Working groups of four to six students are also referred to. How many working groups? What kind of students?

As mentioned in the paper, the non-university partners are transfer actors, but the study does not incorporate its inputs. At least they are not highlighted enough.

 

Author Response

Please, find attached our responses to the comments.

We revised large parts of the manuscript especially the sections introduction, methods, results (completely rewritten) and conclusion.

Author Response File: Author Response.pdf

Round 2

Reviewer 1 Report

Most of the suggestions have been addressed, the paper has now improved.

Author Response

Dear reviewer,

Thank you very much for your valuable and inspiring comments!

Reviewer 2 Report

I would like to commend the authors for the extensive revisions they have made to this paper.  I found myself captivated by the ideas and wanting a further discussion with them regarding their findings and discussion.  

The ways the authors have incorporated "sustainability transfer" is unique. I appreciated the ways in which they worked with the ideas from research-practice partnerships incorporating them into the sustainability literature.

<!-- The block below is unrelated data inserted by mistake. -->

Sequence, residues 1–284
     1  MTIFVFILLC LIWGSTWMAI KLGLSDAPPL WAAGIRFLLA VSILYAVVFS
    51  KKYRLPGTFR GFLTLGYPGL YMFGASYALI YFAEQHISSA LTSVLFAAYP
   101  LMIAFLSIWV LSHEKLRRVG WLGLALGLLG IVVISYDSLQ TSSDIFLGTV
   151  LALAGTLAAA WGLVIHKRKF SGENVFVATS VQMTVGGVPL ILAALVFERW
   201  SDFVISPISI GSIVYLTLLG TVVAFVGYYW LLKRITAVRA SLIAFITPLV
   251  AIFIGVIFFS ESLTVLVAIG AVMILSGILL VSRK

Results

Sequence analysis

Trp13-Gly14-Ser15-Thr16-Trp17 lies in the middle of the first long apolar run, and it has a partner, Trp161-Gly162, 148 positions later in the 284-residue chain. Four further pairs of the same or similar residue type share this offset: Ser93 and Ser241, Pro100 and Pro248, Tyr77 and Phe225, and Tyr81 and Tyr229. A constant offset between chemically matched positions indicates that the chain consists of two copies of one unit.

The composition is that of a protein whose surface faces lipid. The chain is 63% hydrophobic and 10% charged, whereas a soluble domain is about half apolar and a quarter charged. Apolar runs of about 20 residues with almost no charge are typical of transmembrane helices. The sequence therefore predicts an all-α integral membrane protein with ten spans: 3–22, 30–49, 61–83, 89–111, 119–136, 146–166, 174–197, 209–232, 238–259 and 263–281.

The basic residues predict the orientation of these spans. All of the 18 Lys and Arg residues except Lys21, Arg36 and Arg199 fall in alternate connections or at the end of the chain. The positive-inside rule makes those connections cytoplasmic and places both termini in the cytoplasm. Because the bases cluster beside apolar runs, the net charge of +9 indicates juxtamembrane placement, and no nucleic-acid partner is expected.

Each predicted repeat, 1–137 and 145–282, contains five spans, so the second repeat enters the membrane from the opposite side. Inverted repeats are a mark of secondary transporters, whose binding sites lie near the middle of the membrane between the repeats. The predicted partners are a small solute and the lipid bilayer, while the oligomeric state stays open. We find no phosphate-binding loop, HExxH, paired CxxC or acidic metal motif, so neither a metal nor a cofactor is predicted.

As the authors indicate, the methods section has undergone major revisions.  It is now evident how the findings and conclusions were arrived at.  With the presentation of analyzed data to support findings, scientific soundness has been established.

Congratulations on a strong revision. 

Author Response

Dear reviewer,

Thank you very much for your valuable and inspiring comments that motivated a major revision which was necessary!

Reviewer 3 Report

The authors' revisions are extensive, clear, and effective in addressing the my concerns with the initial manuscript. I think this paper is now in shape to make a good contribution to the literature and thinking about HEI and sustainability in education, research, and practice.

Author Response

Dear reviewer,

Thank you very much for your valuable and inspiring comments!